Employment tribunal backlog: the impact on businesses

Hannah Dowd explains what organisations can do to counter the effects of the legal logjam

Credit: Sally Anscombe/Getty Images

The wheels of justice really do grind slowly. Anyone involved in an employment tribunal currently faces an average wait of around a year for their case to be heard. The latest available data suggests around a 49-week wait just for the preliminary hearing with, according to the Ministry of Justice, more than 475,000 cases outstanding at the end of 2022.

Delays have been attributed, in part, to the Covid pandemic, but the problems go back much further than that – to 2017, for example, when tribunal fees were declared unlawful, leading to an influx of claims. 

Business impact

No one wants a tribunal hanging over them for so long, but some employers, particularly larger ones, may be better placed to wait it out. Not only are they likely to have the necessary cashflow, and in-house HR and legal experts, they may also not want to settle at an early stage in case they are seen as a pushover by other employees.   

It is a different picture for small and medium-sized organisations, which are likely to be far more worried about the potential damage to their reputation and the cost, not least of hiring external advisers if they do not have any of their own. Given the impact on their insurance premiums coupled with how rarely costs are awarded against a claimant, SMEs will typically have a lot more to lose. 

Of course, employers may not want to settle if they believe they have done nothing wrong – it is not just aggrieved employees who want their day in court. However, with court delays showing no signs of abating, those who do should be prepared and carefully consider the following before making their decision:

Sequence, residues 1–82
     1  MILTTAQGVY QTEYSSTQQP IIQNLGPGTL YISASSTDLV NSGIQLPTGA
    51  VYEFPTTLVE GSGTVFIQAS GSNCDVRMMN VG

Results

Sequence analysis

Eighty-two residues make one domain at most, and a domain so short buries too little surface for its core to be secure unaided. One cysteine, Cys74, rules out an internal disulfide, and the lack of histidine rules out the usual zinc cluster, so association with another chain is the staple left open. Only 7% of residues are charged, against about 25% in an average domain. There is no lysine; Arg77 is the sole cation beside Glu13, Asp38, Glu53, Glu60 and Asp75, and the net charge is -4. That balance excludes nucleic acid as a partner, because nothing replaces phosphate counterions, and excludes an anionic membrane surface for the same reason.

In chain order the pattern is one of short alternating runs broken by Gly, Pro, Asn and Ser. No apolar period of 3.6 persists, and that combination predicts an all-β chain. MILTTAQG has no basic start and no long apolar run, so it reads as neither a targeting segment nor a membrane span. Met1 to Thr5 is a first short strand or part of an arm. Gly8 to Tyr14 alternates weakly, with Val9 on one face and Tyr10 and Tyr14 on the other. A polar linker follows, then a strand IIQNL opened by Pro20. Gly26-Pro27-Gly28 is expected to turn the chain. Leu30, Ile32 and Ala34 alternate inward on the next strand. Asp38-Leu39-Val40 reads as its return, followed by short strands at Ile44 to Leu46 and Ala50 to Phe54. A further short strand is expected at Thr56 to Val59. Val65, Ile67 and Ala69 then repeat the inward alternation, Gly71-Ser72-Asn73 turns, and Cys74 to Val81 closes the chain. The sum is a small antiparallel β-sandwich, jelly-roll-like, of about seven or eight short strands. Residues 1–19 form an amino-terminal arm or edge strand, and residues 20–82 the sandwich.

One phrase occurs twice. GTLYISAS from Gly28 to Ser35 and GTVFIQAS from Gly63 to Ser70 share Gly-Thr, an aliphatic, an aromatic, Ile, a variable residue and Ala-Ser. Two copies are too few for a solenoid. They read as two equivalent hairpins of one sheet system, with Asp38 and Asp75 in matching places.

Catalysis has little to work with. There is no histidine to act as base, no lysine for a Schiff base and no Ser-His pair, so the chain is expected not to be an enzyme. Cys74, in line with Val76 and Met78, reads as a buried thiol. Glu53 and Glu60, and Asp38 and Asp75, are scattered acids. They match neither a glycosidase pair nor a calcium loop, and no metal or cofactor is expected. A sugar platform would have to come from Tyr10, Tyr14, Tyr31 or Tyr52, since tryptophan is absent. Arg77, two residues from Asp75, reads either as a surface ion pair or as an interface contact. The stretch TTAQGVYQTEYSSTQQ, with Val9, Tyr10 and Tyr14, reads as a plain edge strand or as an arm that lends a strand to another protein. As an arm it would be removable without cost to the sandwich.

• Thorough investigation. Businesses that end up in the tribunal must make sure they have nothing to hide – or a judge will find it. Respondents should have made every effort to thoroughly and appropriately investigate the allegations made and be able to evidence that in court. If this has not been done and/or if there is any element of doubt, it is better to be aware of this at an early stage as conceding all or part of the claim may be the most sensible and cost-effective option. 
  • Mediation before litigation. It is good practice to explore mediation as a possible means of resolving the matter before heading straight to court. Particularly given the time pressures on the system at present, parties will be called out by a judge if they have not at least attempted to mediate first. 
  • Examine the evidence. Every case is reliant on evidence, which can be both physical, such as emails and recordings, and from witnesses, which is where long delays pose the biggest problem. Witnesses are usually key to any final hearing, but memories change and recollections fade and the risk is that by the time that comes around they may no longer be confident in their version of events. They may have got a new job or moved away and decided to withdraw their support. They may even have died or be too ill to take part. It is therefore vital to at least get their accounts down on paper at an early stage. 

The Ministry of Justice says it is taking steps to try and reduce court delays, but progress is painfully slow and likely to remain so for the foreseeable future. Sensible employers should weigh up the pros and cons before deciding to proceed or whether it would be more prudent to try and settle.

Hannah Dowd is an employment solicitor at Jackson Lees